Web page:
Pathogenesis of disease: Supplemental Reading: Outbreak of the Spanish Influenza Pandemic of 1918-1919

1. What innate properties of Influenza A viruses are the reason why individuals require annual flu vaccines?
2. An epidemic is defined as an outbreak of a contagious disease that spreads rapidly and widely. What is the difference
between an epidemic and a pandemic, and what should the Spanish influenza of 1918-1919 be classified as?
3. What type of genome alterations result in pandemic strains?
4. When was influenza virus discovered and what was known about it in 1918?
5. From where do most experts think that the influenza virus of 1918-1919 originated, and how was it passed to
6. Why did the virus become known as the “Spanish flu?” Do you think that that was an accurate name for the sickness?
7. What were the symptoms of the 1918 pandemic and what age population had the highest fatality rate?
8. Why are military bases considered “ground zero” for epidemic outbreaks?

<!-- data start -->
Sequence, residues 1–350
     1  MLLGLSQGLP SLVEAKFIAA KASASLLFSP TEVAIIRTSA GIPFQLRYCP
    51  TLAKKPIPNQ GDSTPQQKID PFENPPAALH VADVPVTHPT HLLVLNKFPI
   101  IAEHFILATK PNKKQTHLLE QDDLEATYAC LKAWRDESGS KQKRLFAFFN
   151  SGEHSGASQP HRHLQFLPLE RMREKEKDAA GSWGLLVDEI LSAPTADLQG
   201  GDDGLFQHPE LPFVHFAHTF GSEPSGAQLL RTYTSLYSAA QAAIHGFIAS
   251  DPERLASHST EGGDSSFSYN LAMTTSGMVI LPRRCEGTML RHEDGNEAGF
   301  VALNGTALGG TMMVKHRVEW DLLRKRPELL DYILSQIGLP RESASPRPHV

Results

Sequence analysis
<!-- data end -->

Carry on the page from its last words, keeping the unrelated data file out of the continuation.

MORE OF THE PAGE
9. What was the Sedition Act (WWI) and how did passing such an act make the 1918 flu worse?
10. What is the significance of Haskell County, Kanas in the 1918 pandemic?
11. Briefly describe the experience at Camp Devens in Massachusetts during the Fall of 1918.
12. What was the significance of the Liberty Loan Campaign during WWI, particularly Liberty Loan Parade in
Philadelphia? Did this make the flu pandemic worse?
13. How many waves of the 1918 flu were there, and which was the deadliest? Highlight when each wave occurred.
Why was there a change in the severity and mortality?
14. Briefly discuss the U.S. public health response to the 1918 pandemic. How did public health officials respond to
the 1918 pandemic?
15. Do you think that the Spanish flu’s effects on soldiers might have affected the outcome of World War I?
16. Did each country affected by the flu suffer the same death rate? If not, what probably accounted for the differences?
Did different groups in the same place suffer the same fates?
17. Discuss 2 similarities and 2 differences between the 1918 H1N1 Influenza and 2019 SARS-CoV-2.

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